The death toll from South Africa’s “unprecedented” floods climbed to 341 on Thursday as helicopters fanned out across the southeastern city of Durban in an increasingly desperate search for survivors.
With roads and bridges washed away by rainfall this week, rescuers battled to deliver supplies across the city where some residents have been without power or water since Monday.
“The level of devastation of human life, infrastructure, and service delivery network in the province is unprecedented,” said Sihle Zikalala, premier of KwaZulu-Natal.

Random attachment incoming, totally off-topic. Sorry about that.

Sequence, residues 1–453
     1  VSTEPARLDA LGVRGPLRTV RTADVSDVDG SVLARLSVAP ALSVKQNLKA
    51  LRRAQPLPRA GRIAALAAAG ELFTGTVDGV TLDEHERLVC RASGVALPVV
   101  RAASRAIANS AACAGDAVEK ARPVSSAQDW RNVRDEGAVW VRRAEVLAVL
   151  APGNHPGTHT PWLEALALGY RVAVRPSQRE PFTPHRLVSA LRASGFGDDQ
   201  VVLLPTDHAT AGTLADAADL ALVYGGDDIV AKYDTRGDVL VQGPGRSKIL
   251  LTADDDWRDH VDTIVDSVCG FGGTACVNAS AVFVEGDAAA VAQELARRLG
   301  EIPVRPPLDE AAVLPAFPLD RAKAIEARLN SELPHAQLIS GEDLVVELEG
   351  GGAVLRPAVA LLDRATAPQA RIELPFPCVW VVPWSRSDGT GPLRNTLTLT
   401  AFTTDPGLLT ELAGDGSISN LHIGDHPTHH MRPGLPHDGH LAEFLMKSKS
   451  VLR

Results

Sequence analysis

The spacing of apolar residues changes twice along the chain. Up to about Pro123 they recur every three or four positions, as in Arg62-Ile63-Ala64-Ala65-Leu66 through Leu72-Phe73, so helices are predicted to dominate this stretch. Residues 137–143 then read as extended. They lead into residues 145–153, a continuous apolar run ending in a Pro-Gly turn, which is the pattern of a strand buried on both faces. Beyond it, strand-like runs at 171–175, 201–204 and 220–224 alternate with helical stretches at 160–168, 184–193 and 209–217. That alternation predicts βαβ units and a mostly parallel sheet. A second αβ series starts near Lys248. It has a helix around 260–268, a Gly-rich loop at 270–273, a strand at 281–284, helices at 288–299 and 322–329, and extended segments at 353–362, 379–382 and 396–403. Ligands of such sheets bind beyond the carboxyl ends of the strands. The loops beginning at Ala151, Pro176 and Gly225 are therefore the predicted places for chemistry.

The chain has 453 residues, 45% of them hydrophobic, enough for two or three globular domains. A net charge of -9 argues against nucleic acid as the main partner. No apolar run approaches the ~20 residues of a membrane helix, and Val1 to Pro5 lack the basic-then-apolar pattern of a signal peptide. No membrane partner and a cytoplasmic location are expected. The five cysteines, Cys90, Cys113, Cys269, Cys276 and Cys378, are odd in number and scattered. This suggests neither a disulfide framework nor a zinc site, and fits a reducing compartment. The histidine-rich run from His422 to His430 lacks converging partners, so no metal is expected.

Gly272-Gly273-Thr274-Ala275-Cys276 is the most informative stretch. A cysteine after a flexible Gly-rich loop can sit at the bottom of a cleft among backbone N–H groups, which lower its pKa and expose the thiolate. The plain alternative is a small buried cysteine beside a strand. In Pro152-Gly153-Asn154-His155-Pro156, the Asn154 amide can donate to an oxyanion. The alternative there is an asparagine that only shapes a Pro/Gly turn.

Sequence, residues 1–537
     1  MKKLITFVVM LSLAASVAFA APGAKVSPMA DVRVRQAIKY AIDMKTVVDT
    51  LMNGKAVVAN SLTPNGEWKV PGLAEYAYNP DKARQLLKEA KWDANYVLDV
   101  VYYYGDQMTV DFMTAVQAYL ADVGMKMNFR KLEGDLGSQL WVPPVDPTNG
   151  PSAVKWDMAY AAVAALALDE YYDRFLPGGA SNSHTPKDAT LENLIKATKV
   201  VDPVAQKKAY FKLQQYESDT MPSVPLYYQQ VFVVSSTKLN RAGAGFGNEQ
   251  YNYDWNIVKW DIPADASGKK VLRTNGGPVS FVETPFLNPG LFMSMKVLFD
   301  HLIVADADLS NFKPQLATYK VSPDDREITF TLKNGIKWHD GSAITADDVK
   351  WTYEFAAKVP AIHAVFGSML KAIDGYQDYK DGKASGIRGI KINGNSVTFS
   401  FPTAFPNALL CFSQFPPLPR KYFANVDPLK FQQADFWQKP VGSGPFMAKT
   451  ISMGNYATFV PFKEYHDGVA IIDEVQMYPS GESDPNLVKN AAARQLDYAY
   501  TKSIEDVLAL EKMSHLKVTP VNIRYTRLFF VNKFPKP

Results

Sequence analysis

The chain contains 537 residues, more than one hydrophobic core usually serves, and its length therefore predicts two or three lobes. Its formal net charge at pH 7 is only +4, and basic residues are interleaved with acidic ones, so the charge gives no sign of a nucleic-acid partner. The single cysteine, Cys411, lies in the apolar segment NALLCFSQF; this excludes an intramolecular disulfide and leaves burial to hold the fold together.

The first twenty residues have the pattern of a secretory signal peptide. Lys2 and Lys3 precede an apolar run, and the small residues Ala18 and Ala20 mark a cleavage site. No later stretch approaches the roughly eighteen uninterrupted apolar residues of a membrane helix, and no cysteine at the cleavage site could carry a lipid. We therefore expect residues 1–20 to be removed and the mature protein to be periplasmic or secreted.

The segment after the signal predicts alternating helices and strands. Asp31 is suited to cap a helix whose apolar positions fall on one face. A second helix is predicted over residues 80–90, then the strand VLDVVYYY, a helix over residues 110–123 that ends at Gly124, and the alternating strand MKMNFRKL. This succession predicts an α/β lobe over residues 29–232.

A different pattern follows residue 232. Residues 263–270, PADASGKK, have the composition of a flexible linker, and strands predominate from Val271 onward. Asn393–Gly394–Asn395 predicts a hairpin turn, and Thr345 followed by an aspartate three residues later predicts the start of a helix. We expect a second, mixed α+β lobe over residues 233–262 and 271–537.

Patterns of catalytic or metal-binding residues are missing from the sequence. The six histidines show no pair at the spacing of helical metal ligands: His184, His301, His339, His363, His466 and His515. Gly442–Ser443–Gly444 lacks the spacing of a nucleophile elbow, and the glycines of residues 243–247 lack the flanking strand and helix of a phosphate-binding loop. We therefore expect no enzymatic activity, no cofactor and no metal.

“A total number of 40,723 people have been affected. Sadly, 341 fatalities have been recorded,” he told a news conference.
At a small airport north of Durban, helicopters carried rescuers in and out. The air support was pulled not only from the military and police, but also a fleet of volunteers, private contractors and schools.
But one day after the rains finally subsided, fewer survivors were being found, said Travis Trower, a director for the volunteer-run organisation Rescue South Africa. From 85 calls on Thursday, he said his teams had found only corpses.
“It’s unfortunate, but we do the best we can for as many people as we can,” he said.
The government has given no indication of how many people are missing. Zikalala predicted the bill for damage will run into billions of rand.